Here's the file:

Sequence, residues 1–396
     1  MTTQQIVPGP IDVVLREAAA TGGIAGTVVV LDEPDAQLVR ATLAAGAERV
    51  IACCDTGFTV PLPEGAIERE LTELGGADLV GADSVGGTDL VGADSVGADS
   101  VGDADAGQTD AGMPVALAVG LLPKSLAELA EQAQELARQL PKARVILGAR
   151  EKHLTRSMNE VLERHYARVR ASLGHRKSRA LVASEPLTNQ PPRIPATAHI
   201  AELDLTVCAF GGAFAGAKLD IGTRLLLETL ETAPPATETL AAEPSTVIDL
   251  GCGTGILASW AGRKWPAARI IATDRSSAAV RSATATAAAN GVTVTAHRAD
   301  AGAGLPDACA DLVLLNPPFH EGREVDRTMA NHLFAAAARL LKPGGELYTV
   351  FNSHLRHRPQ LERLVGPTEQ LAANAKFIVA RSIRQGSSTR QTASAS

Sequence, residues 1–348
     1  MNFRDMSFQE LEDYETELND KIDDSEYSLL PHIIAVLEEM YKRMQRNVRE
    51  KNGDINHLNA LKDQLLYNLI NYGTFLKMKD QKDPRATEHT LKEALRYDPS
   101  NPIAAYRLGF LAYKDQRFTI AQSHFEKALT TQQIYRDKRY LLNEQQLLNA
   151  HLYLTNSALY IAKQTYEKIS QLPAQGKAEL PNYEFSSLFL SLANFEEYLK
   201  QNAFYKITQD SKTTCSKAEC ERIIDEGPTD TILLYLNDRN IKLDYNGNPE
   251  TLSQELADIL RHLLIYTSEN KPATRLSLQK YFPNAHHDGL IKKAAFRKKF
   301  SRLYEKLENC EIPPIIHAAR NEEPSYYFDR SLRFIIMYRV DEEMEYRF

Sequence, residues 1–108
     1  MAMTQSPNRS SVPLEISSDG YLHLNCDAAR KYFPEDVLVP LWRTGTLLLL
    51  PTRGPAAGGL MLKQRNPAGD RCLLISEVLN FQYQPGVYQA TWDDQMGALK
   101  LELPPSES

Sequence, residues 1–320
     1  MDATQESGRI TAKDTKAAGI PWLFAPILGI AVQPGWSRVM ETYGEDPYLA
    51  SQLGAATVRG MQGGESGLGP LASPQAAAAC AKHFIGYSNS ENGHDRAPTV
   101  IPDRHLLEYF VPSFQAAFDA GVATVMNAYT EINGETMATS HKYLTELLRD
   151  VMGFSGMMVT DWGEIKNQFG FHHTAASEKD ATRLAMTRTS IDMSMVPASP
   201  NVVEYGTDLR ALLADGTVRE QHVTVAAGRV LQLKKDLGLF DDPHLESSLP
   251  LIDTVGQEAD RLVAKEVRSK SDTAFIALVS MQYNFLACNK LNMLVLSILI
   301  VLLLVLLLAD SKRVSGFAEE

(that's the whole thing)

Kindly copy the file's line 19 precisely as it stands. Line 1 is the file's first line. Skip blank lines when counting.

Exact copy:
     1  MAMTQSPNRS SVPLEISSDG YLHLNCDAAR KYFPEDVLVP LWRTGTLLLL